The gold standard treatment for most primary NMSC cancer is surgical excision with histological control of excision margins, with recurrence rates for BCC from 2% to 8% at 5 years, as reviewed by Trakatelli et al. [6, 15]. Radiotherapy may be considered a primary definitive treatment in patients who are unfit for surgery (locally advanced disease, comorbidities, or refused surgery) or when curative surgery could lead to a poor aesthetics, but also RT could damage the surrounding normal tissues, resulting in toxicity or aesthetic changes, which are most often located within the radiation field [6]. Several RT techniques are used to treat skin cancer, such as superficial orthovoltage X-ray, electron beam, megavoltage photons, low-dose rate, or HDR-BT, and recently electronic BT [16]. In our study BT seems to be a highly effective and non-invasive therapeutic approach for NMSC, without high-grade toxicities, excellent cosmetic outcome, and good LC. We reported, as well as Jumeau et al., that no treatment was stopped for toxicity and there was no significant high-grade late skin toxicity [17]. The same results in terms of LC, late toxicity, and cosmetic effects, comparing BT with external beam radiation therapy (EBRT), were reported by Delishaj et al., with 62% excellent cosmetic results, 26% good results, and 5.5% poor results [18]. Guix et al. reported in 136 patients 10.3% G1 ulceration, 14% G2 erythema, and 92% good cosmetic results, 3 months after the completion of BT [9]. In a cohort of 200 patients of Gauden et al. G1 acute skin toxicity was detected in 168 treated lesions (71%), G2 in 81 (34%), and good or excellent cosmesis in 208 cases (88%). Late skin hypopigmentation was observed in 13 (5.5%) patients [19]. Unlike our cohort, a prospective study of Kalaghchi et al. reported, in 60 patients underwent radical or adjuvant BT, 6.7% G3 – 4 acute (3-month after BT) and no late toxicities (2 years after BT). The 2-year cosmetic results were good/excellent in 96.2% of patients [20].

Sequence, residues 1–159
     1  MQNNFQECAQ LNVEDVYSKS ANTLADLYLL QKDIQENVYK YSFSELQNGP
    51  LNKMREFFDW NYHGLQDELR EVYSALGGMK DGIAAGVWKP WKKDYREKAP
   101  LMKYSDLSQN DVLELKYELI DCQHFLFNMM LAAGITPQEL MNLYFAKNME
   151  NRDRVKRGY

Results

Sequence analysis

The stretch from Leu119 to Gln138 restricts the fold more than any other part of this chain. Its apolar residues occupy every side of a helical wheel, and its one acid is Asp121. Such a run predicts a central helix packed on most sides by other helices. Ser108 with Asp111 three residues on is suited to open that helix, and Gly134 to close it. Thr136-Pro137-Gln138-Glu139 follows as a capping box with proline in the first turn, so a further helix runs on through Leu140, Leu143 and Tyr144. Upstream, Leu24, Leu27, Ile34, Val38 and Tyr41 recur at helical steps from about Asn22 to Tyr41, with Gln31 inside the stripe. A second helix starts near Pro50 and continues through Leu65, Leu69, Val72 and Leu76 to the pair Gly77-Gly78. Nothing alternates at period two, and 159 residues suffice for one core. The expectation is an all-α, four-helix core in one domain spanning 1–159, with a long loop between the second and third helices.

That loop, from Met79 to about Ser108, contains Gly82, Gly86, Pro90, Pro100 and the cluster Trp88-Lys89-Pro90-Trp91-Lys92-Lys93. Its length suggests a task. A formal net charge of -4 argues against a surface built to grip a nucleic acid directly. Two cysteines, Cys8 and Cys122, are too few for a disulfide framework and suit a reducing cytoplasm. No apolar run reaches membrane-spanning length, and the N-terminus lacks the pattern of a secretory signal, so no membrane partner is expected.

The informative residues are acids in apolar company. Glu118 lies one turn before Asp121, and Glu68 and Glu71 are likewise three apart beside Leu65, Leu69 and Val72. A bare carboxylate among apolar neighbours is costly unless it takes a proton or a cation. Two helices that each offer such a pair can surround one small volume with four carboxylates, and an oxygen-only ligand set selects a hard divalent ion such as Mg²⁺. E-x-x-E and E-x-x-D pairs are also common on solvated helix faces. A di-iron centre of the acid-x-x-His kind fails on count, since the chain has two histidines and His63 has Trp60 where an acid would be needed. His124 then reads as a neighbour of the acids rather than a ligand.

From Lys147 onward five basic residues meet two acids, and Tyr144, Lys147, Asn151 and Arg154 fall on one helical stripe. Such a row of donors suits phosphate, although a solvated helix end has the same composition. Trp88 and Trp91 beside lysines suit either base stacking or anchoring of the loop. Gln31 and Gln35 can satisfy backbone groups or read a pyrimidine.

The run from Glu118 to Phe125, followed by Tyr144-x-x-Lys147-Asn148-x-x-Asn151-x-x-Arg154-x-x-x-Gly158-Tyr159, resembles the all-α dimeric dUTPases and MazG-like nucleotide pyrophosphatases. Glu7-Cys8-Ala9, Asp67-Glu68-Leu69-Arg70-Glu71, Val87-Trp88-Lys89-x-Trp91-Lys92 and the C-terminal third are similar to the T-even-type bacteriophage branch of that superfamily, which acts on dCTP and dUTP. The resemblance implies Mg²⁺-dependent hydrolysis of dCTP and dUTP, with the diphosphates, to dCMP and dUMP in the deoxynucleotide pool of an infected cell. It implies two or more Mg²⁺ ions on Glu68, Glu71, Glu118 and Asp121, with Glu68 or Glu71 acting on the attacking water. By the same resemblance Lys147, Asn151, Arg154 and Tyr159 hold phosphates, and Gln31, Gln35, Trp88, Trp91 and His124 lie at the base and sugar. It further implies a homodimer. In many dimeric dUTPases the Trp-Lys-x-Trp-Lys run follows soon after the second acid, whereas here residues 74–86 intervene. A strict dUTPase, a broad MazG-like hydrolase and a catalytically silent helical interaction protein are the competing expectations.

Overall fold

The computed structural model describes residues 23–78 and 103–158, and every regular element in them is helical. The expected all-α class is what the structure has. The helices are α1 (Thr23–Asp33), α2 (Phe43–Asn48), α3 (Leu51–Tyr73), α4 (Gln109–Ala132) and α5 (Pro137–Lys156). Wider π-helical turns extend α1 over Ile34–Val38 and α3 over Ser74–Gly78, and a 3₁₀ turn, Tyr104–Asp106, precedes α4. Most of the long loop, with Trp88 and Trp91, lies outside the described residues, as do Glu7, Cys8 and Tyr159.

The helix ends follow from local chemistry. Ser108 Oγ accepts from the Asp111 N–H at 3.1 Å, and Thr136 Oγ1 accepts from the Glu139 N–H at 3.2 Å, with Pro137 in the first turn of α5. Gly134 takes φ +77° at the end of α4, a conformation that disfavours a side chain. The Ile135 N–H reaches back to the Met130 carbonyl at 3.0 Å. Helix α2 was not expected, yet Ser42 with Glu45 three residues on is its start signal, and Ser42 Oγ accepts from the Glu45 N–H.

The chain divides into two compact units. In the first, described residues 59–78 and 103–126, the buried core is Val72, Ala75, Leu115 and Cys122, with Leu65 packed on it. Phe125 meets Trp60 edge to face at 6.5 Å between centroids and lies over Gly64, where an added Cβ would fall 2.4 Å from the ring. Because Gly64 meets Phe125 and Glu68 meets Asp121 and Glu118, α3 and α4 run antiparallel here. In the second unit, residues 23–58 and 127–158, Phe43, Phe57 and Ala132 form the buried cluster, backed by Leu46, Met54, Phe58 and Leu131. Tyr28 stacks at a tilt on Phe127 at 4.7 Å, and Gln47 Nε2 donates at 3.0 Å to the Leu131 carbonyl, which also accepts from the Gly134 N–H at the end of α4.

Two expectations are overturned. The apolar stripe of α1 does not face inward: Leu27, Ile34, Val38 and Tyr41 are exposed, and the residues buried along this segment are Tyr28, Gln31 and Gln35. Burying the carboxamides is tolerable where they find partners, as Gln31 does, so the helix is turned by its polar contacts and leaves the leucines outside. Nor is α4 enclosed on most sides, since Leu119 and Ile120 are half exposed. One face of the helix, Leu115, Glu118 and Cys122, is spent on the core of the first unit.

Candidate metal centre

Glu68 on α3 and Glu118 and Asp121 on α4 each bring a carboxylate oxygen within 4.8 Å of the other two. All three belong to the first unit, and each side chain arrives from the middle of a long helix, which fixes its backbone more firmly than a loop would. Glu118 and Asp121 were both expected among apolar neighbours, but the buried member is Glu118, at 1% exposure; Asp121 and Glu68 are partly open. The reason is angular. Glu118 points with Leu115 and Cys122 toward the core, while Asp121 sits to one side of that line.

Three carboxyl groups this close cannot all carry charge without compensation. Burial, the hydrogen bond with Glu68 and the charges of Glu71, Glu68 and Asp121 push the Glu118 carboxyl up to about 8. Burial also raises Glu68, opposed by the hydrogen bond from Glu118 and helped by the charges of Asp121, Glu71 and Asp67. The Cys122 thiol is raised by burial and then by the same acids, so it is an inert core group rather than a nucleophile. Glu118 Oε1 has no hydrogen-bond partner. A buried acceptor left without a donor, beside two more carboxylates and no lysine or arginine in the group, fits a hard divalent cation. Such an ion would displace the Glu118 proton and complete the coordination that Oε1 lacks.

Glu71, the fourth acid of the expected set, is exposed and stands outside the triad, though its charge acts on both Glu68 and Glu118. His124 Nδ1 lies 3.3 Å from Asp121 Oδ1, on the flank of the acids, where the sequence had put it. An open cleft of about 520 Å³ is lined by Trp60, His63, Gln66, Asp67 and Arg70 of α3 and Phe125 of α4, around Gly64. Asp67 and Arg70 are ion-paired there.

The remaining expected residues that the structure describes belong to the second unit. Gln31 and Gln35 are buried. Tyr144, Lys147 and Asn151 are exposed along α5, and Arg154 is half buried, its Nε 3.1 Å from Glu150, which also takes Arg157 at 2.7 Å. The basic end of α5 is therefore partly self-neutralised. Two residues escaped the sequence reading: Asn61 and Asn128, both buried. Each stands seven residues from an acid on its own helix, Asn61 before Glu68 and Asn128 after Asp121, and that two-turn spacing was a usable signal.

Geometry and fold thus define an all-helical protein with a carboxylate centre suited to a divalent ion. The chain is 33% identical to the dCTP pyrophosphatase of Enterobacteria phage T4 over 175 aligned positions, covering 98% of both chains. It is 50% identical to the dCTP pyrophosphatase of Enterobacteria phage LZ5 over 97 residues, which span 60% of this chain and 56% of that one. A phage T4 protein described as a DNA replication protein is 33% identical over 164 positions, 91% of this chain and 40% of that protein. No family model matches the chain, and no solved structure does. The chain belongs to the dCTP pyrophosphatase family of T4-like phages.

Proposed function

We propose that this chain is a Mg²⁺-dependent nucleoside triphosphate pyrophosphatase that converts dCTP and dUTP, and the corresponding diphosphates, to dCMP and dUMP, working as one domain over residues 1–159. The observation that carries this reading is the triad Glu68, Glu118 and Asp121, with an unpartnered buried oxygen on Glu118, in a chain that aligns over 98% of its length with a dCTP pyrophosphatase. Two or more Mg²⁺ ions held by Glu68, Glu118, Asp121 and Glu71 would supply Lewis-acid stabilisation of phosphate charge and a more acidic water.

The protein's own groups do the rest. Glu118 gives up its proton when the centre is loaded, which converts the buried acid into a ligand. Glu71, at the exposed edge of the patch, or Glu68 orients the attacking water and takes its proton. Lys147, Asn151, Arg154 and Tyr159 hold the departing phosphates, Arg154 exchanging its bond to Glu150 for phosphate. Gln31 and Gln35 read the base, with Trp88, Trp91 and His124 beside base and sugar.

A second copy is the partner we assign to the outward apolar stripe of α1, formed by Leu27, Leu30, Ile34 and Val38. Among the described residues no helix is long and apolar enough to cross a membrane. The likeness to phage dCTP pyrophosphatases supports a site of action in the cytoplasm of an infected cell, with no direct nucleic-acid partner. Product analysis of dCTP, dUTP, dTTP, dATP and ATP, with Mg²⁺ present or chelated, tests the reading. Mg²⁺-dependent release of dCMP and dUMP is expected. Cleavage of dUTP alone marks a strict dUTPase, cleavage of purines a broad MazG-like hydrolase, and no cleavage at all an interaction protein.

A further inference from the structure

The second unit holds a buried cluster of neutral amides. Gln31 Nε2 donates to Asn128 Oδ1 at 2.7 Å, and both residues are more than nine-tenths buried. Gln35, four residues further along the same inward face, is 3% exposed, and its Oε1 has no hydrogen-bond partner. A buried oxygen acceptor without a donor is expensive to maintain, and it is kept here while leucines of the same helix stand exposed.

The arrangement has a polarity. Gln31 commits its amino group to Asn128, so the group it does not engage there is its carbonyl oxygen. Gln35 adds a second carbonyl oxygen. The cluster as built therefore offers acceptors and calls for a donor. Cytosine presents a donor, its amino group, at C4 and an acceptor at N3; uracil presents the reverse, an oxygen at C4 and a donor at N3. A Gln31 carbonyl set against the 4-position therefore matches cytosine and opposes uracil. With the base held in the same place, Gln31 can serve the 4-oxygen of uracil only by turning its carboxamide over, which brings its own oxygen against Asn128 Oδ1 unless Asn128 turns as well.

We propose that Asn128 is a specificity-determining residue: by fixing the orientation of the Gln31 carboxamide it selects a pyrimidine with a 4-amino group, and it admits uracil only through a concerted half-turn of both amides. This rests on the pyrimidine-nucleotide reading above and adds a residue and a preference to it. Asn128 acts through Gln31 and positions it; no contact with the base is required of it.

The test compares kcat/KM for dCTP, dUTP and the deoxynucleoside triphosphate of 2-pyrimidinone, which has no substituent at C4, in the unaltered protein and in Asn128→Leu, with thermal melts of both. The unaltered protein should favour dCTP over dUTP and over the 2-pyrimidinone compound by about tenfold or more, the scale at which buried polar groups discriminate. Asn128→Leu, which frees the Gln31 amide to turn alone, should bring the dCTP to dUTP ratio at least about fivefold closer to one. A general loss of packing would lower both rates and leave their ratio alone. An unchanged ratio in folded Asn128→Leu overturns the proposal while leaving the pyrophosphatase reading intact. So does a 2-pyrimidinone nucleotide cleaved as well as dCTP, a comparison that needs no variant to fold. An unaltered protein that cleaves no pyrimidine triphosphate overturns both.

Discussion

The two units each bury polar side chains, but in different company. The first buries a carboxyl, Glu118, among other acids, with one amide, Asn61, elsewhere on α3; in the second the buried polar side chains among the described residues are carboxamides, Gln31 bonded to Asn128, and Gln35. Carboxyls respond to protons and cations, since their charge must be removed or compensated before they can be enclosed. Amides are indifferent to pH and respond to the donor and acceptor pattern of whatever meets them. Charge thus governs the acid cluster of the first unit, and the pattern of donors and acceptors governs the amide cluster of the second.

The results of the studies on HDR-BT for NMSC showed LC rates from 83.3.% to 100%; the limit was due to few patients or different follow-up duration, cosmetic results, and toxicities reported. The different LC rates may be caused by tumour size (small vs. large), site (plain vs. curved surfaces), margin status, and histology (BCC vs. SCC) [1822]. In our study, we showed no statistically significant difference in LC rates between 2 histological groups, perhaps due to the small number of patients (data not shown).